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nightwalker

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Everything posted by nightwalker

  1. According to IMDB, it was Annette Warren, who also sang for Ava Gardner in 1951's SHOW BOAT. See here: http://www.imdb.com/name/nm0912723/
  2. I've seen it. I agree with you that it's one of the best "spy" type films of World War II, and all the more so because it was based on a true story. I think my favorite sequence (out of many memorable ones in the film) is the one regarding Holden's friendship with the Jewish businessman. In order to cement his reputation as a turncoat, Holden publicly insults the man, who tells him, "I know there is more to this than you are saying, and I will wait to see what it is." After the war, when Holden's role as a good guy is revealed, his friend tells him he knew Holden could never just sud
  3. > {quote:title=jamesjazzguitar wrote:}{quote} > Please show me where I posted that comment? > > I checked all my prior posts on this thread and I never posted what you have above. Remember that when one replies to a post it list the comments of the post being replied to. I assume that is where you got that comment. It's in your post of 9-24-10, 11:41AM, 2nd paragraph, 1st sentence. Edited by: nightwalker on Sep 29, 2010 4:46 PM to correct the location information
  4. Here are some interesting tidbits about IT'S A WONDERFUL LIFE, which as we all know has also been the subject of some difficulty over its PD status. This is from Wikipedia, but appears to be accurate: Ownership and copyright issues Ancillary rights Liberty Films was purchased by Paramount Pictures, and remained a subsidiary until 1951. In 1955, M. & A. Alexander purchased the movie. This included key rights to the original television syndication, the original nitrate film elements, the music score, and the film rights to the story on which the film is based, "The Greatest Gift".[33]
  5. Actually, this happens to character actor Don Beddoe in the 1946 Alan Ladd film O.S.S..
  6. > {quote:title=oldsalt61 wrote:}{quote} > The Doolittle Raid movie I remember is "30 Seconds Over Tokyo". You are correct about THIRTY SECONDS OVER TOKYO being about the Doolittle raid, but ABOVE AND BEYOND features the scene the OP described in which the commander's wife mistakenly gets a scientist to fix her sink plumbing.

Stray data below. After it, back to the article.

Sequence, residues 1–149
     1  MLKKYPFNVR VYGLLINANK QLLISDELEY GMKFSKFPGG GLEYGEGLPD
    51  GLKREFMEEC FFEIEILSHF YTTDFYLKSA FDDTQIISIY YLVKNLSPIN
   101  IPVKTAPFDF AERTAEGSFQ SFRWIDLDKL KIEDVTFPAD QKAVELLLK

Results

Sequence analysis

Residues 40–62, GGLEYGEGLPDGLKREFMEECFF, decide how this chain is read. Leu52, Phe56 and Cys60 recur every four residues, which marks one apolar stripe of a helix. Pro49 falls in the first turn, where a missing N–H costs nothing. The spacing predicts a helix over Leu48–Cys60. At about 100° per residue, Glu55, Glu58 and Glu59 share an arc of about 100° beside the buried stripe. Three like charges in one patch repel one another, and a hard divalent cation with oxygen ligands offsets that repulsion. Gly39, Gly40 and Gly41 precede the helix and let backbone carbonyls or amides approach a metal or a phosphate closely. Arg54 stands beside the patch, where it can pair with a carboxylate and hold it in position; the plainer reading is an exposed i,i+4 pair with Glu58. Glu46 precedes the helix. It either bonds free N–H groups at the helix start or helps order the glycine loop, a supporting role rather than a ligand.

7. A couple of other possibilies are COMMANDOS STRIKE AT DAWN, 1942 with Paul Muni or THE MOON IS DOWN, 1943 with Sir Cedric Hardwicke.
  8. It could be MOMENT TO MOMENT, 1965, with Jean Seberg as the wife, Sean Garrison as the young lover, and Arthur Hill as the husband (who's a diplomat, not the young man's superior officer).
  9. You are indeed. Released in 1950, the film starred David Brian, John Agar and Frank Lovejoy. It was released on VHS, so if you look around, you may be able to find a copy.
  10. He also displayed a nice flair for "comedy relief" in the old "Laredo" TV series.
  11. From your description, it sounds like it could be ISLAND OF THE BLUE DOLPHINS, however, that film was released in 1964.
  12. Movie #1 sounds like FROM THE DEAD OF NIGHT, a 1989 TVM with Lindsay Wagner as a woman who has a near death experience and who is subsequently pursued by walking dead who want to drag her back to the other side.
  13. It could be THE CAPER OF THE GOLDEN BULLS, 1967, with Stephen Boyd and Yvette Mimieux. It's in color, though.
  14. Leave us not forget "The Queen of the Republic serials," Linda Stirling, who was quite fetching as THE TIGER WOMAN in 1944, as well as numerous other serials.
  15. Vera, perhaps the ultimate film noir femme fatale, as portrayed by Ann Savage in DETOUR, 1945.
  16. Possibly ADAM'S RIB, 1949, with Spencer Tracy and Katharine Hepburn as the married couple and David Wayne as the young man with a crush on the wife. He even writes her a song.
  17. ABOVE AND BEYOND, 1952, with Robert Taylor as Col. Paul Tibbetts, commander of the raid which dropped the atomic bomb on Hiroshima on 8-6-45, and Eleanor Parker as his wife Lucey.
  18. It could also be THE GIRL MOST LIKELY, 1958, with Jane Powell.
  19. THE DAY MARS INVADED EARTH, 1963, with Kent Taylor and Marie Windsor.
  20. And funnier, too. My favorite scene: Ford's phone call to Alfred Hitchcock for advice on how to bury a corpse without a shovel.
  21. IT STARTED WITH A KISS, 1959, with Glenn Ford & Debbie Reynolds.
  22. > {quote:title=lzcutter wrote:}{quote} > Cary Grant plays that type in *Holiday*, the version starring Katherine Hepburn, Grant and Lew Ayers. Agree. And how about Alec Guinness as artist Gulley Jimson in THE HORSE'S MOUTH?
  23. Katharine Hepburn also played (and quite well) this type of role in BRINGING UP BABY, too. And there's also James Stewart as Elwood P. Dowd, who would recommend being pleasant over being smart, in HARVEY.
  24. > {quote:title=patful wrote:}{quote} > Another perfect vehicle for the usual nut-cases to make their appearances. Should be loads of fun by morning. Sorry, filmlover, this was a bad idea. I also notice that disagreement with a certain ideology/mindset often seems to result in name-calling rather than in a reasonable exchange of ideas.
  25. > {quote:title=mr6666 wrote:}{quote} > filmlover, just wanted to let you know I totally agree > (before our noses get slapped by the 1st amendment nazis) Funny you should say that, since the last time I looked, you couldn't even mention "Intelligent Design" in the public school classroom.
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